High Culture

In 2019, Brett Heyman, the creator of fashion accessories brand Edie Parker, best known for his acrylic clutch bags with a wry sense of humor, launched Flower by Edie Parker, which features lighters, rolling platters, and other cannabis-related ephemera, all in vibrant hues like aquamarine, periwinkle, and bubble gum pink. These borosilicate glass pipes in the range – inspired by a grape, a banana, an orange, and my favorite, a cherry – also double as cute household items that can be on display even while visiting the parents. With Flower, Heyman aims to further destigmatize cannabis use and support penal reform efforts, so if you’re looking to give back this season, consider purchasing one of the these fun flower t-shirts or tote bags, of which 15 percent of the proceeds, according to the article, will go either to the Last Prisoner Project, Feeding America, the National Center for Transgender Equality or the Women’s Prison Association.


Delicate decorations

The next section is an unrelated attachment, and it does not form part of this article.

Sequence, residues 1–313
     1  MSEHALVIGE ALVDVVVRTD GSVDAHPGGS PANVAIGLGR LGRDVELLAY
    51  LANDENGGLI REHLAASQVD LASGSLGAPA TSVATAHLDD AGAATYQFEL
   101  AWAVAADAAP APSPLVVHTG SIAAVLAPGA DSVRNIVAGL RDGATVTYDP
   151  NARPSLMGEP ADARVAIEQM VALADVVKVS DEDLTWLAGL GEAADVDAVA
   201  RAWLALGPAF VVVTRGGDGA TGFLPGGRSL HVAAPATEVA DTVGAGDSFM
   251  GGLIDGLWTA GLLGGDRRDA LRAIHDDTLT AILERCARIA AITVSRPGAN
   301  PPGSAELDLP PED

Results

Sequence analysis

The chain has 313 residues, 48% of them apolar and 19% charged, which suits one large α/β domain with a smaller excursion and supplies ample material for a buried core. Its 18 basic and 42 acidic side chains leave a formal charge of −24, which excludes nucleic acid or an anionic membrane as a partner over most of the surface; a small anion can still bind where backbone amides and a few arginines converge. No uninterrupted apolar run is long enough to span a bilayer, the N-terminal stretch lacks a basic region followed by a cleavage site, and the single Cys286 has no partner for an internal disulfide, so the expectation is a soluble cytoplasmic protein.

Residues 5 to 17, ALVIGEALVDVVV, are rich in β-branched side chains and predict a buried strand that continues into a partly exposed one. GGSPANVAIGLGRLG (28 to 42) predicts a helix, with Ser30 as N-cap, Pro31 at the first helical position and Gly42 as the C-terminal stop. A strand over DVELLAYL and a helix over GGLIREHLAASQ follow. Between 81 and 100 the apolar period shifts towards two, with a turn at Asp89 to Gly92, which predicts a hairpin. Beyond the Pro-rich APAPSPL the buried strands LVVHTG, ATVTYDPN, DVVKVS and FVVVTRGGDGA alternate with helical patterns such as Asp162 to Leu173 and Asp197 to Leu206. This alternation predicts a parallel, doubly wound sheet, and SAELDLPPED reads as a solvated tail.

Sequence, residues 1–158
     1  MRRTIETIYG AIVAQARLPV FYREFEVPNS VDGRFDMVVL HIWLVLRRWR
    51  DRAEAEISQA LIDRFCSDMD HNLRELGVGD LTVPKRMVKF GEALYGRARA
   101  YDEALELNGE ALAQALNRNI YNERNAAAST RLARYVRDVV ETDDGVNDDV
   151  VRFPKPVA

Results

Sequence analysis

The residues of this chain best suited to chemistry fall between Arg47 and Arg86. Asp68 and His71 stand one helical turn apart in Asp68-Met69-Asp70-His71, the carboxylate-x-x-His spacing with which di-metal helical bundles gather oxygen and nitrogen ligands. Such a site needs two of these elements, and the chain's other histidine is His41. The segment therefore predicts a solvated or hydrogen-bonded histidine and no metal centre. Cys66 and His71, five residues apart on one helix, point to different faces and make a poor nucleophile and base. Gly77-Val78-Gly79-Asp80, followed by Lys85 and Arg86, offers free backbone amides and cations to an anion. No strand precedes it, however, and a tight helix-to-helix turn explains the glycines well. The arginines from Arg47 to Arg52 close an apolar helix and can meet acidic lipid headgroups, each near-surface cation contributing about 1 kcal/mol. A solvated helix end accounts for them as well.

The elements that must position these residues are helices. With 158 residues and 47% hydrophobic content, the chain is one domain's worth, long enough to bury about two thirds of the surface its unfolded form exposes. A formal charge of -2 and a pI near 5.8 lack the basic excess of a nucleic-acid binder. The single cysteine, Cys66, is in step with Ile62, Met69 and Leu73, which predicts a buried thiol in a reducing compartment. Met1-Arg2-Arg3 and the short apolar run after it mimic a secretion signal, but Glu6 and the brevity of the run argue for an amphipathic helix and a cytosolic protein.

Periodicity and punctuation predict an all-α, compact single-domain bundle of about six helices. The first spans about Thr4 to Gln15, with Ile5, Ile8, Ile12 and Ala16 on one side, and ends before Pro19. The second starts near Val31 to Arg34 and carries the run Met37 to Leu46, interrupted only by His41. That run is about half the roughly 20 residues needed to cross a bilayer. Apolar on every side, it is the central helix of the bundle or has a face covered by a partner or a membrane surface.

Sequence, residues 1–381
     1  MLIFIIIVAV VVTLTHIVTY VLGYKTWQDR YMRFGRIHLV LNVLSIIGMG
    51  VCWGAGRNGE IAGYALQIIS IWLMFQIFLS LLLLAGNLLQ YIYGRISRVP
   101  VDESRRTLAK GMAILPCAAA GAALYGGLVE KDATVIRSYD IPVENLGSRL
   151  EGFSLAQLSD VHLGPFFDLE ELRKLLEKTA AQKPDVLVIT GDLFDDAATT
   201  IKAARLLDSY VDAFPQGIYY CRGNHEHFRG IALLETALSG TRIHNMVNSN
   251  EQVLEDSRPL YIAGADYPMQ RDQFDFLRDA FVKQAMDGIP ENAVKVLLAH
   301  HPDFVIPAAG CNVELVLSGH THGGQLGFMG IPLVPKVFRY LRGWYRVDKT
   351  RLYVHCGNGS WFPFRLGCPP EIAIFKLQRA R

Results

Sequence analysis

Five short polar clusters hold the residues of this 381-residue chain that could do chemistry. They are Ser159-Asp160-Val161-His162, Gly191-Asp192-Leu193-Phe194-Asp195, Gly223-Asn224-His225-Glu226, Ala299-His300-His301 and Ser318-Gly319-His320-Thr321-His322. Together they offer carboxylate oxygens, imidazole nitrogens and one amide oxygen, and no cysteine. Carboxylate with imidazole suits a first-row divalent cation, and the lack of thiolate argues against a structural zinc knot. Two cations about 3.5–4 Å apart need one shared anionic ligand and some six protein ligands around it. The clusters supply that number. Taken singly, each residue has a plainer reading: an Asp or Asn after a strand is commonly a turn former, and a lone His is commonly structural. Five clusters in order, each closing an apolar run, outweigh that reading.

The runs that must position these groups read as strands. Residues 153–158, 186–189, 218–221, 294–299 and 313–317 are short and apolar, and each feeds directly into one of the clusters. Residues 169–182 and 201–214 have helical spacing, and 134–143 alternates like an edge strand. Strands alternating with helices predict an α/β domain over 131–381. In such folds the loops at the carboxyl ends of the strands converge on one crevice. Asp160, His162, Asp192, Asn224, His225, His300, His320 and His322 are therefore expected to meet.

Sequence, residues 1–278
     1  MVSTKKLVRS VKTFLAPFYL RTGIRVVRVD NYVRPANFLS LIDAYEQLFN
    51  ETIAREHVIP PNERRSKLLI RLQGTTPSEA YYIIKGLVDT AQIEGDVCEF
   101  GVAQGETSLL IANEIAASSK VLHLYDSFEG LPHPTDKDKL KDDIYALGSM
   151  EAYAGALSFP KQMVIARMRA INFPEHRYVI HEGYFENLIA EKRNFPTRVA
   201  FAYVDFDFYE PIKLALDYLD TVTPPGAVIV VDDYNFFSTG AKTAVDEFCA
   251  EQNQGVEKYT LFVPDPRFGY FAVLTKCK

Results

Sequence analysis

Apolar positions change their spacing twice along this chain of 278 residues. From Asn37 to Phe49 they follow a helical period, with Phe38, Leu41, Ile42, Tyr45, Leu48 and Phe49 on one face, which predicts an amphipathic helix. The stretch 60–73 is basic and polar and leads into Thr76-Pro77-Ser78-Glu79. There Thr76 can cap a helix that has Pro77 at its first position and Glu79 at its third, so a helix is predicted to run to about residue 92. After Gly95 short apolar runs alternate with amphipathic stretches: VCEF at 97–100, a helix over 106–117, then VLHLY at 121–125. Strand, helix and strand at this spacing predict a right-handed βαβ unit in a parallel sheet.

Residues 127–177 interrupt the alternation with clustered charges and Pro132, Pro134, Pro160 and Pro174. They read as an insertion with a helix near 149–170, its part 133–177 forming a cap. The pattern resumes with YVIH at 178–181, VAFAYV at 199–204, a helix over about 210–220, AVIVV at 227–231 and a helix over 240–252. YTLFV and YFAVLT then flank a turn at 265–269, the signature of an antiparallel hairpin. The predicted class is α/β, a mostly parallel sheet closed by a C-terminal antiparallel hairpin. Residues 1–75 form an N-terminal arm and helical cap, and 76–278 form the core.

After years of living in a minimalist studio, I’m now the proud tenant of an apartment with a living room – one with dark wood paneling and leaded glass windows offering sometimes snow-capped views – that almost calls for a few holiday decorations. After a lot of scrolling I landed on these papers garlands with dip dyed petals in the shape of ginkgo leaves, handcrafted by artisans in Delhi and available from UK brand Toast – and on some antique style kitsch ornaments by John Derian. New for this year are a range of mushrooms and various New York City-centric options, including a particularly shiny Statue of Liberty. They’re sure to be a crowd-pleaser so after making the rare effort, maybe I should just throw a party.

Mushrooms may be a staple food for health conscious people guys right now, but a delivery of mushrooms will always make a delightfully unexpected holiday gift. The New York-based company Small property is on a mission to reduce the distance its mushrooms have to travel to reach their customers, and has set up miniature organic mushroom farms in The Standard, the East Village Hotel, the Lower Eastside Girls Club and various other locations across town. It also offers grow kits that allow the recipient to grow mushrooms in their own kitchen. Each comes with a starter block of either Blue Oyster Mushrooms or Lion’s Mane Oyster Mushrooms which, if properly cared for (all a home grower will need is water, a rubber band, and ‘a knife), can yield up to two pounds of fresh mushrooms. during two or three hot flashes, or harvests. Considering all that premium, you might consider pairing a kit with the brand’s new cookbook, “Mushrooms in the middle, Which improves the food from the side dish to the main event.